• Female genital cutting: a practice in decline
Several mainstream media sources discussed the findings of a comprehensive new assessment led by UNICEF about the practice of female genital cutting in Africa and the Middle East. The data indicate a gradual but significant decline in many countries.
Teenage girls are now less likely to have been cut than older women in more than half of the 29 countries in Africa and the Middle East where the practice is concentrated. In Egypt, for example, where more women have been cut than in any other nation, survey data showed that 81 percent of 15- to 19-year-olds had undergone the practice, compared with 96 percent of women in their late 40s.
Generational change appears to be playing an important role in the decline with the difference in Egypt especially marked: only a third of teenage girls who were surveyed thought it should continue, compared with almost two-thirds of older women.
Researchers say the progress in Kenya makes sense, given efforts there to stop female genital cutting starting in the early 1900s. But they were at a loss to explain why the rate has plunged in the Central African Republic, to 24 percent in 2010 from 43 percent in the mid-1990s. Concerning the findings about the Central African Republic, The New York Times quotes Bettina Shell-Duncan, a cultural anthropology professor at the University of Washington who was a consultant on the report: “We have no idea, not even a guess, noting that researchers need to study the causes of the decline there.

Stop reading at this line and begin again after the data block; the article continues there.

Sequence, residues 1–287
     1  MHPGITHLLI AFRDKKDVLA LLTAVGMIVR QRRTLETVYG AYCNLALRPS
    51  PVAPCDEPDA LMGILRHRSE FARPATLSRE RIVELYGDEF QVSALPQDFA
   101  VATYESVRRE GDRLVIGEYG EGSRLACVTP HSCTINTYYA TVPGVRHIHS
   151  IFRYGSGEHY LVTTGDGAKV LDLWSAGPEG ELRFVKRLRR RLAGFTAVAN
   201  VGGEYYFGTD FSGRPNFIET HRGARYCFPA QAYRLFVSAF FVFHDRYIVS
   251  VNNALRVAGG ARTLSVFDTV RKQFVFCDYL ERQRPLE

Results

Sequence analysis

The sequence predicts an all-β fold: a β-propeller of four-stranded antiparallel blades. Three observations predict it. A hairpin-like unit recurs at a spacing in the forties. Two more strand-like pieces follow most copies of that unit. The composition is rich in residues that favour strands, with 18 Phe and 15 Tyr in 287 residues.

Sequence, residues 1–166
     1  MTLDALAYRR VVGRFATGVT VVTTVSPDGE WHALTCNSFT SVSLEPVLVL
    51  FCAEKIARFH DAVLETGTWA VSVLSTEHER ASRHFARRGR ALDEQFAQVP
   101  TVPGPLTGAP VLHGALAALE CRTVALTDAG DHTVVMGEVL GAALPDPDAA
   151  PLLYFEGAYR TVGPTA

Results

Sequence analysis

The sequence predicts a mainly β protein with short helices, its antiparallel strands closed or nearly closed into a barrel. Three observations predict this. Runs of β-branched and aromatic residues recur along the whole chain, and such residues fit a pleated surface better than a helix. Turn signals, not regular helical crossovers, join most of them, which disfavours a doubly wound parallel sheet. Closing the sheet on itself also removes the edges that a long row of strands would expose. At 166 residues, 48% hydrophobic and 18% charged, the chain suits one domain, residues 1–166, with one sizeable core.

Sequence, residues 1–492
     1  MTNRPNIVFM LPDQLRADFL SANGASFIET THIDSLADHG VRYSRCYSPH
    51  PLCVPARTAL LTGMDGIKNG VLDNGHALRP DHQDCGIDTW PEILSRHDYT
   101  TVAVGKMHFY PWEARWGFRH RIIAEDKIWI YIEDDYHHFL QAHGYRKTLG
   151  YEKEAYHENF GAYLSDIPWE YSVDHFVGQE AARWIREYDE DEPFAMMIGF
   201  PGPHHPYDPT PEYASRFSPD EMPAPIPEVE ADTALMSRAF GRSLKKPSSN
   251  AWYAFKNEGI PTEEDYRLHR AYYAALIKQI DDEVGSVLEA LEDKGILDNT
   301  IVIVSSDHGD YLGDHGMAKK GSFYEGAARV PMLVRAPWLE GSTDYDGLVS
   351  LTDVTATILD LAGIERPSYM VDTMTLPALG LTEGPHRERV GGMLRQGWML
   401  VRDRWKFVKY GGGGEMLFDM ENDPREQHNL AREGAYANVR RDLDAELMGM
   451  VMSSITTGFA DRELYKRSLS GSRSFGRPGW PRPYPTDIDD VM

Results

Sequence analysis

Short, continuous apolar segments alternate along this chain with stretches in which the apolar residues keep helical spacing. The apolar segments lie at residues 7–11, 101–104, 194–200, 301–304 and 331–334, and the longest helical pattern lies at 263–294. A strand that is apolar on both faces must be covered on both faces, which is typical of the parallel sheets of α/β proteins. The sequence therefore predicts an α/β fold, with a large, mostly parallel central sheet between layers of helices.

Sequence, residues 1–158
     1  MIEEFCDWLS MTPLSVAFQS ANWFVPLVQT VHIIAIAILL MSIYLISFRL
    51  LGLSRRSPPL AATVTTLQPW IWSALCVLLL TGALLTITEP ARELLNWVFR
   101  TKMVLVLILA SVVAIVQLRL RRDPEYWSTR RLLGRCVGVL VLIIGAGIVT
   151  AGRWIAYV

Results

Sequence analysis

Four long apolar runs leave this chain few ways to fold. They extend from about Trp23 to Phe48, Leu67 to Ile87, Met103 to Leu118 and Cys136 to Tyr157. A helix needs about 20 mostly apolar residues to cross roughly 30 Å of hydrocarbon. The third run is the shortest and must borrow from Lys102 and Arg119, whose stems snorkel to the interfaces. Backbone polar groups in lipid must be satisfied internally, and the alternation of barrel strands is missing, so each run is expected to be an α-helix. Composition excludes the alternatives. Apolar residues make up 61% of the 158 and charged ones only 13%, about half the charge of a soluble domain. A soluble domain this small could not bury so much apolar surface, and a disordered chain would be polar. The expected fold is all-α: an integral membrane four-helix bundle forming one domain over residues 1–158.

Blogger’s note: for a list of related readings, see the global∙gender∙current blog post.
• Indigenous people’s knowledge and climate change
An article on the importance of indigenous knowledge in addressing climate change in The Democratic Daily cites the work of Manuela Carneiro da Cunha, Brazilian cultural anthropologist and emeritus professor of the Department of Anthropology at Chicago University and the University of São Paulo.
She says indigenous people have an important contribution to make to knowledge about climate change, and scientists should listen to them because they are very well informed about their local climate as well as the natural world. Their knowledge, she says, is not a “treasure” of data to be stored and used when wanted by others, but a living and evolving process: “It is important to understand that traditional wisdom is not something simply transmitted from generation to generation. It is alive, and traditional and indigenous peoples are continually producing new knowledge.”